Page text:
Getting there: Eurostar from London St Pancras to Lyon Part-Dieu. Direct during the summer, or via Lille Europe the rest of the year.
Shake up vegan smoothies with Berlin’s eco neighbourhood tours
Yes, this journey takes about nine and a half hours, but it’s worth it. En route you can admire the hills and forests of Belgium’s Wallonia region, and break your journey in beautiful Cologne if you fancy. Once you get to Berlin, try one of Greenme’s neighbourhood tours, taking in vegan restaurants, organic producers and zero-waste heroes, or a cooking lesson at Goldhahn und Sampson, where they teach everything from nose-to-tail preparation to raw food dining. As for where to eat and drink, Lokal and Katz Orange both dish up sustainable, seasonal German dishes, while zero-waste coffee shop Isla is the place for a caffeine fix.
Getting there: London St Pancras to Berlin via Brussels (by Eurostar) and Cologne (by DB). Use Go Euro to book your ticket all the way through.
Gorge on tasty food that would otherwise go to waste at Instock restaurant
Thanks to Eurostar, Amsterdam is now less than four hours away by rail. And there are plenty of exciting, ethically-minded places to eat when you arrive. The city might be known for a particular kind of weed, but at Dutch Weed Burger the plant-based patties, hotdogs, nuggets, and kebabs are nothing to do with marijuana. Instead, they all contain seaweed, sourced from the Netherlands’ coastline. Instock, meanwhile, serves dishes made from food waste, including granola that incorporates excess malt from beer-brewing, and ricotta produced using leftover from cappuccino-making. And, for ultra-local dining, Restaurant de Kas grows its own herbs and veg in an onsite greenhouses and a nearby farm, with set meals based around the harvest.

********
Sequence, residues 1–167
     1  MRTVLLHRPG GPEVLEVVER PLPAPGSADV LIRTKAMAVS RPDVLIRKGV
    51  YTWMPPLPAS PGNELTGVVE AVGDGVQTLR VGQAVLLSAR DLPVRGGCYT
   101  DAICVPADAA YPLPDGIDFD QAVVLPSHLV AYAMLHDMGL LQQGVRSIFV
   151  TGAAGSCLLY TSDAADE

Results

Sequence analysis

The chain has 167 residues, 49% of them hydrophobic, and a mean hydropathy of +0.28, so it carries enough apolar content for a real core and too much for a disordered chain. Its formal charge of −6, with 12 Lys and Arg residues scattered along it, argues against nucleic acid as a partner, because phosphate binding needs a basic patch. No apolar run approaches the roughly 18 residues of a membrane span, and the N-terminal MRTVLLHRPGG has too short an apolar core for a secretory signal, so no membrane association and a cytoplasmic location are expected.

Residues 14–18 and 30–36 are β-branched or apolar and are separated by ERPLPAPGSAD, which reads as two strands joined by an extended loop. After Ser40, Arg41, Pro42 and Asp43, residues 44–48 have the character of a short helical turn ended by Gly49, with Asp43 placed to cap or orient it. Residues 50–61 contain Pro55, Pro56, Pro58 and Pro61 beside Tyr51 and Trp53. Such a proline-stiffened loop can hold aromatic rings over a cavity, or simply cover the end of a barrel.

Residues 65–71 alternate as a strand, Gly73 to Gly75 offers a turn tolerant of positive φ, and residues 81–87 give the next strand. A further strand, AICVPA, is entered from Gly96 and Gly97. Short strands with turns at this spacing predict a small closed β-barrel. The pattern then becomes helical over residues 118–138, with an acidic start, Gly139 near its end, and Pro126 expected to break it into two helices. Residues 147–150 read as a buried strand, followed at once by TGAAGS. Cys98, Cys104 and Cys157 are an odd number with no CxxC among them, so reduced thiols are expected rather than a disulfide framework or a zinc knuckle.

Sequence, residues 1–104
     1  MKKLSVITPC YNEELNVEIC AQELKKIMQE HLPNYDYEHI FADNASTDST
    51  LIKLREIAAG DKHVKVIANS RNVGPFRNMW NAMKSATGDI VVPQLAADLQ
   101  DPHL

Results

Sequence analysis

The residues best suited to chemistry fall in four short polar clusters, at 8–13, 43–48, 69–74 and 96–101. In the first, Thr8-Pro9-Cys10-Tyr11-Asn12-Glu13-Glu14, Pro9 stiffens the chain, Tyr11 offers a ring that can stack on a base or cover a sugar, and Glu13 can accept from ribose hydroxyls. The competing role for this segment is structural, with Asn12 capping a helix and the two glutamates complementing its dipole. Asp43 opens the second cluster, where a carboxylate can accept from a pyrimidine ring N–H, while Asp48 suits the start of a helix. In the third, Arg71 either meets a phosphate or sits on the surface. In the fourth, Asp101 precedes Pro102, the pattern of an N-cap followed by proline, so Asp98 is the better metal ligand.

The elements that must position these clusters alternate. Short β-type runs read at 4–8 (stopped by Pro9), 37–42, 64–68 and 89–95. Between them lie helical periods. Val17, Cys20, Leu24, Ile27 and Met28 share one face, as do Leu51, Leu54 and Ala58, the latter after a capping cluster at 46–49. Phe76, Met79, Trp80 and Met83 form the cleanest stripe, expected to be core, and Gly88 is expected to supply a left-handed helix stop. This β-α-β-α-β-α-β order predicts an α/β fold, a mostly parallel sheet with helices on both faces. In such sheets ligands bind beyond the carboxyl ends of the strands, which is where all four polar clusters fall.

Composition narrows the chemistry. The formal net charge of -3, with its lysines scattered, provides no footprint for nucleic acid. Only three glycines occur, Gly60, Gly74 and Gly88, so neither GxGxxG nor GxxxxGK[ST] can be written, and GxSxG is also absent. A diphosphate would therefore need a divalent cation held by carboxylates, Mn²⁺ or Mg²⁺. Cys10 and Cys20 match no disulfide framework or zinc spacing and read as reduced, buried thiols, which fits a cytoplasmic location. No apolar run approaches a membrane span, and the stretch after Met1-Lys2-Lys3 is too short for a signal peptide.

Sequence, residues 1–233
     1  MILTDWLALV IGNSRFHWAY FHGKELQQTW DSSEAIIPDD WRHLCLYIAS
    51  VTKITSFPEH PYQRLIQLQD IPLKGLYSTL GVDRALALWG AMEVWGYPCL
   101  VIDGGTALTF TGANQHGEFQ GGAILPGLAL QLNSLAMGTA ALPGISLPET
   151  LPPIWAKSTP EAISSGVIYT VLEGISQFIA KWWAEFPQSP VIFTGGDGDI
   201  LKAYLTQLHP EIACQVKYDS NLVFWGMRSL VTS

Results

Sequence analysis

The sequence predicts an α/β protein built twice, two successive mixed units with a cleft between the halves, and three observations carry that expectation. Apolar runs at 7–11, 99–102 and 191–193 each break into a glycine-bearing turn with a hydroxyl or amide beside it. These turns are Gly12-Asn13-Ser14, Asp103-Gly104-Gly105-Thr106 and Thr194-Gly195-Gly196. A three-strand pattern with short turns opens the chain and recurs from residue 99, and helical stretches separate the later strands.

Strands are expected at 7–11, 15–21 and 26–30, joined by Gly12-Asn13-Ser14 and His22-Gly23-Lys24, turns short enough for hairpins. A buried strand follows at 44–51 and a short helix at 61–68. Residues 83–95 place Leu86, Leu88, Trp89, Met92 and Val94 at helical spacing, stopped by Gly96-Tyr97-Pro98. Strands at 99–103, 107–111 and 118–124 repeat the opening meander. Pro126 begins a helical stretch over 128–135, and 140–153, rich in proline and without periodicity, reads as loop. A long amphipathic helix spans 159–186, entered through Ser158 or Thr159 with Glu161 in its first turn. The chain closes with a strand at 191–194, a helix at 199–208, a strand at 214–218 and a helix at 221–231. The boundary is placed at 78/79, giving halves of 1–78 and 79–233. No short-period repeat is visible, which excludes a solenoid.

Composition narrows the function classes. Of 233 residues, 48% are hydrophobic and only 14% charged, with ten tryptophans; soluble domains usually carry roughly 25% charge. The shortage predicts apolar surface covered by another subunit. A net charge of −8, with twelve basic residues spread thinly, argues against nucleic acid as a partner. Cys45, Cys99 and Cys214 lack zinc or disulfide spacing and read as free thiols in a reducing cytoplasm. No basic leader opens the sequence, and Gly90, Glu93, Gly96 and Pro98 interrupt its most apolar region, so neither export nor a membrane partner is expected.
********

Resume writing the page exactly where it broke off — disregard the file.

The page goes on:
Getting there: Eurostar from London St Pancras to Amsterdam Centraal (direct outbound, via Brussels on the return journey).
Eat and stay at Yorkshire’s farm-t0-table Black Swan restaurant
For a walking weekend with a foodie twist, jump on a train towards to the North York Moors. At their edge you’ll find the Black Swan at Oldstead, a family-run, Michelin-starred restaurant with nine bedrooms. Head Chef Tommy Banks was just 24 when he took over the kitchen, after his parents bought the place, and he has made a name for himself since then by focusing on ingredients foraged nearby or grown in the restaurant’s own garden. Think: beef with lovage and onion, and root veg toast. Not your usual pub grub after a ramble over the moors.
Getting there: London King’s Cross to Thirsk, usually via York or Northallerton but occasionally direct. From Thirsk it’s roughly 20 minutes by taxi.
Staying there: The Black Swan offers dinner, bed and breakfast from £220 per person.
Want to stay even closer to home? Why not eat your way around Bristol with this 24-hour sustainable eating guide.